[S]earch is also a signifier to those who pioneered and established the current era of the fediverse, symbolizing the extractive and exploitative hypergrowth systems that often ruined the positivity and promise of the human web.

One of the issues with all of the previous search proposals is that they're opt-out based: posts get indexed for search unless people say they shouldn't.  Dash suggests a consent-based, opt-in approach, which is much better aligned with the fediverse's values – and with trends in privacy law.

Facial recognition

Lawyers Barred by Madison Square Garden Found a Way Back In

Kashmir Hill on th New York Times  (

MSG Entertainment resorted to facial recognition technology to kick out legal foes, but some have undermined the ban using a law passed to protect theater critics in 1941.

Does the European Parliament use Facial Recognition Technology?

Kris Shrishak on Irish Council for Civil Liberties (

ICCL has received documents that indicate the European Parliament requested for CCTV cameras with facial recognition capability.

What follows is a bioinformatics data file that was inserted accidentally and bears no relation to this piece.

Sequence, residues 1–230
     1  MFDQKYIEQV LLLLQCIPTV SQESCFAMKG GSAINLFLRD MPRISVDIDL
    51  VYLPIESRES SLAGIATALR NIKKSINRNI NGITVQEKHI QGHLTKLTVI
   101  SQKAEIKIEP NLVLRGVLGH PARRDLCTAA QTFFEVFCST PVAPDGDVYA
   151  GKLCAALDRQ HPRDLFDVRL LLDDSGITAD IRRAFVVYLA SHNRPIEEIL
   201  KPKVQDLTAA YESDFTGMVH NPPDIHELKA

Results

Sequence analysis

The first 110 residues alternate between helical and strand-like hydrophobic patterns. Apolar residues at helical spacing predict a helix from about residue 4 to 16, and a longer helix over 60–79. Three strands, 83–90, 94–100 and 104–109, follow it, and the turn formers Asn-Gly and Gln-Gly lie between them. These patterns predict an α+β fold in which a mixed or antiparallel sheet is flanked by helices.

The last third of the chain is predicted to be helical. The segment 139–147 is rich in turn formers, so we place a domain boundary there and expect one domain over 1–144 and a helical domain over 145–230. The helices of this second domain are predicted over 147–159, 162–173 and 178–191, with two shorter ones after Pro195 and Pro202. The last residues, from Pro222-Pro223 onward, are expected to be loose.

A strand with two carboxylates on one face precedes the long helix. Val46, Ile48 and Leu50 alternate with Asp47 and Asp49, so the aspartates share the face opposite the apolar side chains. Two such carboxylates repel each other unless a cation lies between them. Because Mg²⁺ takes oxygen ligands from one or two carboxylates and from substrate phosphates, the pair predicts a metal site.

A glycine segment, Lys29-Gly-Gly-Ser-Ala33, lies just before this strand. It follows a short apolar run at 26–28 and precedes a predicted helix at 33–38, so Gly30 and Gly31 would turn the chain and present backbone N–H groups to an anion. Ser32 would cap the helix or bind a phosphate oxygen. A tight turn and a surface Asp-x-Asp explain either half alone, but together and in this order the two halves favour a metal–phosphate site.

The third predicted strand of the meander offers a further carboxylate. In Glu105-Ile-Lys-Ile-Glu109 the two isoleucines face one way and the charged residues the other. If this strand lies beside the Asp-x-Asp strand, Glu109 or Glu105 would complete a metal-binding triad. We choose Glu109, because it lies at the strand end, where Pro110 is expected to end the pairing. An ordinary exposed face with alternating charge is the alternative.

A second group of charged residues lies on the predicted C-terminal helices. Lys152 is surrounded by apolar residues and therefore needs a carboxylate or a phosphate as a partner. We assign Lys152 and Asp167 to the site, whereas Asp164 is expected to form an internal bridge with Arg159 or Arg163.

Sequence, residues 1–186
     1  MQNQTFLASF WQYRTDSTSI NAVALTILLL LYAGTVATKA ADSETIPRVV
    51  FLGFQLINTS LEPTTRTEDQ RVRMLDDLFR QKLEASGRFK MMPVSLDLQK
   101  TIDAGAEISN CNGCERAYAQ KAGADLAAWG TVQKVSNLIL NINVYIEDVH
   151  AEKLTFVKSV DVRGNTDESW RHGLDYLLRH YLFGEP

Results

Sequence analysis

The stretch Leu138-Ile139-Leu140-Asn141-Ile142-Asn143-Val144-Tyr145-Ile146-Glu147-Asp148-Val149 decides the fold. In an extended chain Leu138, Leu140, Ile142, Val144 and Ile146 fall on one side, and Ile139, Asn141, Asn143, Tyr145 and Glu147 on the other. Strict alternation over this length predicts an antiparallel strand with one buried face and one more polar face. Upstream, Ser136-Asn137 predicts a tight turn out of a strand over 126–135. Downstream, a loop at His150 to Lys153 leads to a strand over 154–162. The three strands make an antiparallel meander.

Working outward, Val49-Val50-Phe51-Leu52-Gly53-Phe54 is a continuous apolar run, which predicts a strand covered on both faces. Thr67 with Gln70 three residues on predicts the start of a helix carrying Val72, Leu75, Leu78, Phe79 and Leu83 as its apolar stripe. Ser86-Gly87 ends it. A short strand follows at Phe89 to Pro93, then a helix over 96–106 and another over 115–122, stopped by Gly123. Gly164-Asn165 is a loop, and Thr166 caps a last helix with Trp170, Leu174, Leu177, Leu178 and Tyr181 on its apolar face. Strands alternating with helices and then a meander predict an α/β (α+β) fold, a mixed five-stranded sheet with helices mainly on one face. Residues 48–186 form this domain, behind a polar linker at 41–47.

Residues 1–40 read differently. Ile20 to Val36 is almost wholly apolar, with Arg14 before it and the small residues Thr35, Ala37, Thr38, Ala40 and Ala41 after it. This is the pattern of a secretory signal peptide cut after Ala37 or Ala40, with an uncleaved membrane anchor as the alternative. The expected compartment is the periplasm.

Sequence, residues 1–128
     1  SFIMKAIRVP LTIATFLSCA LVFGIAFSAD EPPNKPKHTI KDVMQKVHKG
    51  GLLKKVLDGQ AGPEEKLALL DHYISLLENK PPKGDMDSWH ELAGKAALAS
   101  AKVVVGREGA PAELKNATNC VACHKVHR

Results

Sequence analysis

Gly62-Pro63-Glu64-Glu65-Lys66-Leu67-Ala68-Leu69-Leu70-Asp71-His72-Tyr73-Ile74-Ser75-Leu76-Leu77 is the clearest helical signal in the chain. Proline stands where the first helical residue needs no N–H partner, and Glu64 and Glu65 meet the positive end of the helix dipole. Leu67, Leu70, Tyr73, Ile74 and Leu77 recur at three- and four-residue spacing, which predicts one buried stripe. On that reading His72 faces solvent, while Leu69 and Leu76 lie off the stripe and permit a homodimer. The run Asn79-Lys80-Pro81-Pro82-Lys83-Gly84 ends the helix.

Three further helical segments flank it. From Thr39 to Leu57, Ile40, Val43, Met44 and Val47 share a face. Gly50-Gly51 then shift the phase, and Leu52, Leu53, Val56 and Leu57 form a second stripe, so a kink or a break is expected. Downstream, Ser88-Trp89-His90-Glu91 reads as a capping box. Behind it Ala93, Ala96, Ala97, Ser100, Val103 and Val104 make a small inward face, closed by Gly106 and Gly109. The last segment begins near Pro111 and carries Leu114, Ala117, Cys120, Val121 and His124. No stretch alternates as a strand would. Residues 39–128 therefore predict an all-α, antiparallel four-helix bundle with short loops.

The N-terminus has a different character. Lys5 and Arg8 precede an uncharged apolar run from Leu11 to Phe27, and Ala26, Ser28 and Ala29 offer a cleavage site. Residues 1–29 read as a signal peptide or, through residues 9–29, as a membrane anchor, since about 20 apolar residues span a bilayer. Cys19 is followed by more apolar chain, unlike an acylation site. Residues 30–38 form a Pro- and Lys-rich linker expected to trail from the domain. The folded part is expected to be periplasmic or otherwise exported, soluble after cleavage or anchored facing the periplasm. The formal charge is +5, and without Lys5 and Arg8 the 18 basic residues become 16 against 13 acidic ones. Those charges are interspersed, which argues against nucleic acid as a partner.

State privacy legislation

Privacy in the City that Never Sleeps: New NY Privacy Bill

Odia Kagan on

New York's S 365 is the latest versiof of the New York Privacy Act.  It follows GDPR's terminology (controllers, processors, and personal data), and takes a similar approaches to California when it comes to deidentiied data, sale of data, and sensitive data.  It also has requirements for automated decision making.  It'll be interesting to see how far it gets this session.

South Carolina earns mid-pack scores for online privacy laws

T.A. DeFeo The Center Square (

South Carolina ranked in the middle of the pack nationwide for its laws governing online privacy.  The Palmetto State scored 5.5 out of 25 points in a new analysis from Comparitech, a website focused on cyber security and online privacy. According to Rebecca Moody, head of data research at Comparitech,

“Its score stems from data disposal laws which cover companies and government entities, legislation to protect K-12 student information, a shield law to protect journalists, and an insurance data security law. It also scores half a point thanks to its protections for genetic testing when it comes to insurance quotes and coverage.”